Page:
“Any time that the expectations created for or by the counseling center are unreasonable, you’re going to experience burnout,” said Locke.
To improve burnout caused by the pandemic, nearly 31 percent of the counseling center directors and the therapists surveyed by Mantra Health showed interest in a workplace culture that encourages them to speak openly about their mental health challenges, according to the survey report. About 37 percent of the directors and counselors proposed an increase in “staff camaraderie and personal connections” with their fellow staff members as a way to combat burnout, the report said.
It’s “incumbent” for college administrations and center directors to promote an open and connected workplace, but staff members can also cultivate this culture on their own, said Walden, director of the center at Hamilton College. College counselors might be expected to be more willing to talk about their own mental health challenges or seek therapy because of their profession, but are just as influenced by the stigma of seeking help as others, Walden said.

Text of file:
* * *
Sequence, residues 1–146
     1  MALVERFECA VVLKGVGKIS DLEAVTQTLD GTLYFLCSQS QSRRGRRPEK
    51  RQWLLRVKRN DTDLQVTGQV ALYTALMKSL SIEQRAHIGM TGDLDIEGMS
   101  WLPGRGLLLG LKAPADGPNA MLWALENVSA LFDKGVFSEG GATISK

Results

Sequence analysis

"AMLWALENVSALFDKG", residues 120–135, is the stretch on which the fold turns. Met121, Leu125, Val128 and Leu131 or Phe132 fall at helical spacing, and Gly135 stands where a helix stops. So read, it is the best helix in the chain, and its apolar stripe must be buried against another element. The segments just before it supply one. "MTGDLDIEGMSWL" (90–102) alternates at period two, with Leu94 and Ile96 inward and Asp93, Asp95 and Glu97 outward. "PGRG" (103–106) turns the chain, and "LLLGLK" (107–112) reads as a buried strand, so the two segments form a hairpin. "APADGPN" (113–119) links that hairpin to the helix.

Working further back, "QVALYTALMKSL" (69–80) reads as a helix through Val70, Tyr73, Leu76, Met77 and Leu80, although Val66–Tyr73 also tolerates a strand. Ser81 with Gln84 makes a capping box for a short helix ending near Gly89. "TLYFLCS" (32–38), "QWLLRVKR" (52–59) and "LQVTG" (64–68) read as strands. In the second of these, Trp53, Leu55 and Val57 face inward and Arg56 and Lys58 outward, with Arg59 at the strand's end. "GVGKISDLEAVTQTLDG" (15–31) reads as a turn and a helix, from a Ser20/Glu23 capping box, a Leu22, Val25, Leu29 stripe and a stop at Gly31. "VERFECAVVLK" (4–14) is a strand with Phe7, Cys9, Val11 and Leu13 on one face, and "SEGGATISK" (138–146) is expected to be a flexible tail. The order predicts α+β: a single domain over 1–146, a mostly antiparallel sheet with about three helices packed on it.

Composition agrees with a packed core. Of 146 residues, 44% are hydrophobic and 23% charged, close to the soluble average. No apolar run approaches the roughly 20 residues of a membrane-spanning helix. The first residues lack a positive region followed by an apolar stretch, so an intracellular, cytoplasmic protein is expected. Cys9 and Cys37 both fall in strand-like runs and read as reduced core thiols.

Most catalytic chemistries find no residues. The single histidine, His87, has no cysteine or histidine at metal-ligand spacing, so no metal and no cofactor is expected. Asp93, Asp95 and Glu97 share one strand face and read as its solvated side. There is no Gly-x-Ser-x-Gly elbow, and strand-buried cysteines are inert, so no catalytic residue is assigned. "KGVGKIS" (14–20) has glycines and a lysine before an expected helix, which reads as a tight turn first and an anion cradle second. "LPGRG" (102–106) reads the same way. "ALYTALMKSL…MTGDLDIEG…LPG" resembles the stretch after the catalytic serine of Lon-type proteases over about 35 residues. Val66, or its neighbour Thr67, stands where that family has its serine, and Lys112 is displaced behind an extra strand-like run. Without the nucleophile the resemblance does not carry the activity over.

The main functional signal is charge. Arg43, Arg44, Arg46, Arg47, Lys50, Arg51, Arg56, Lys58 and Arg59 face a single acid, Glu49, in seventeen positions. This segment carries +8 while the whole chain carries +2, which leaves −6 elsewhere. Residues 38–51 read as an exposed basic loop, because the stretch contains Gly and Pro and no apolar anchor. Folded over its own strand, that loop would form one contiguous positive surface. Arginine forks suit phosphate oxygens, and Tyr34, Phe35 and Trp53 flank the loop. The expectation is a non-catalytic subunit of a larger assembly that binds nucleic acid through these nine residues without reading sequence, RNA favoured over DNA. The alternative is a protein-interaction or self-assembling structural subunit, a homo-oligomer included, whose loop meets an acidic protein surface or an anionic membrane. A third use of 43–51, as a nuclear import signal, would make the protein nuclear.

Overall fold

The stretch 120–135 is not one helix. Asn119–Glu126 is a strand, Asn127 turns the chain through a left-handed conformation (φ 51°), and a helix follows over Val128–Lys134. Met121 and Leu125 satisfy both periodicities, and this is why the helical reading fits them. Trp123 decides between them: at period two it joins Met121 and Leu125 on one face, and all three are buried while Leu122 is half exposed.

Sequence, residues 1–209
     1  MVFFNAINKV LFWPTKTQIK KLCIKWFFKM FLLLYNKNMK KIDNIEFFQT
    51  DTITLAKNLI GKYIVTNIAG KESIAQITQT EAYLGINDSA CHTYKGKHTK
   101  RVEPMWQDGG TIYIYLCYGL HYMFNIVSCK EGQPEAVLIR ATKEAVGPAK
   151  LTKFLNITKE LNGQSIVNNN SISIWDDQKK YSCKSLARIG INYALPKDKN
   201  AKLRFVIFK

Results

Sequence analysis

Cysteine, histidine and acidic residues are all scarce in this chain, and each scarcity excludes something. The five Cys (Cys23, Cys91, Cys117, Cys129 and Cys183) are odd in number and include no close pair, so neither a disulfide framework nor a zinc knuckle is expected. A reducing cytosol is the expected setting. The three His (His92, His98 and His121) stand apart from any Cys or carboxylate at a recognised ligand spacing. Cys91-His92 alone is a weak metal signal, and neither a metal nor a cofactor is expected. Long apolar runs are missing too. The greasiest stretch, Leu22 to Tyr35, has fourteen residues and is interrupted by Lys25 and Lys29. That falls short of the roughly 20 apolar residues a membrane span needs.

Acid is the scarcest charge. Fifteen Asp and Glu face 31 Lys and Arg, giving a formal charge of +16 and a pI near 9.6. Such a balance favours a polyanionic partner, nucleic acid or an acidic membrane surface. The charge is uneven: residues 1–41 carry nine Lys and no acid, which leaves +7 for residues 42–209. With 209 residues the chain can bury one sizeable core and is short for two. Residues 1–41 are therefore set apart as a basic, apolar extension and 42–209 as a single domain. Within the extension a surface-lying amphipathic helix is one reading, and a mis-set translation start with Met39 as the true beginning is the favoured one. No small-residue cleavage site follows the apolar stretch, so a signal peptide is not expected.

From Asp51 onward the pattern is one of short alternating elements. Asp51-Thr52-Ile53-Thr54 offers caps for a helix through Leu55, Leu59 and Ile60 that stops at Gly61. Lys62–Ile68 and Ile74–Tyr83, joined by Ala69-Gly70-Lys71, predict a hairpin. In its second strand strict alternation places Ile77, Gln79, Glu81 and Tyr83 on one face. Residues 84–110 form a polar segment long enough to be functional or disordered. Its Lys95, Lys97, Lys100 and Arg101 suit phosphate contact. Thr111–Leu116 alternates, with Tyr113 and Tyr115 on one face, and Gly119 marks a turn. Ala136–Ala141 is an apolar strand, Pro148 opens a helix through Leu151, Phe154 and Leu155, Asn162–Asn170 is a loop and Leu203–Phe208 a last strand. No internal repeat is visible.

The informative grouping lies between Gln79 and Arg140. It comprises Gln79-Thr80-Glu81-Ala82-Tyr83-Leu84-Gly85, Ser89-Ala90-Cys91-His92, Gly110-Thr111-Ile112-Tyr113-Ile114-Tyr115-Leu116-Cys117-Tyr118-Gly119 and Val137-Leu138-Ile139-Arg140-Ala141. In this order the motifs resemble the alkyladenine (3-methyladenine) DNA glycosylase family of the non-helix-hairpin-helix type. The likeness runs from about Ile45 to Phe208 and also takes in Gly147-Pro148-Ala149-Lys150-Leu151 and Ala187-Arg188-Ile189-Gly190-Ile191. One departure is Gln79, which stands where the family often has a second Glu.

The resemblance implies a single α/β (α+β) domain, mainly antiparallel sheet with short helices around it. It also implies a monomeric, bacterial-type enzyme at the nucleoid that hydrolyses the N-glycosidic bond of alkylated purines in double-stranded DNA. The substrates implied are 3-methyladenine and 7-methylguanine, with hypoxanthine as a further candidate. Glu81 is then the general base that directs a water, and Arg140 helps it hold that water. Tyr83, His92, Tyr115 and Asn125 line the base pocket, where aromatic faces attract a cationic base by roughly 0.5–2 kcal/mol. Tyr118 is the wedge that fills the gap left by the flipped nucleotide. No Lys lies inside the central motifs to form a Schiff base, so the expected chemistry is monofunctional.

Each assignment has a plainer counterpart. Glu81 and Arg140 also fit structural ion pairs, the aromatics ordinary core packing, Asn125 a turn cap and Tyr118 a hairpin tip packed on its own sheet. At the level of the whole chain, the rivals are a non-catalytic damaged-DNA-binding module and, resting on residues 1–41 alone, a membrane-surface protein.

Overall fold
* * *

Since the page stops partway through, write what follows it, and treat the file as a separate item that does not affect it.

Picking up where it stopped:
“Even among those of us who are just really comfortable utilizing therapy, talking about therapy and are open about our own use of it, there’s internalized feelings of stigma,” he said. “No doubt that has to be true with clinicians, even though we would be more open to it because it’s what we do.”
World News || Latest News || U.S. News
Help us to become independent in PANDEMIC COVID-19. Contribute to diligent Authors.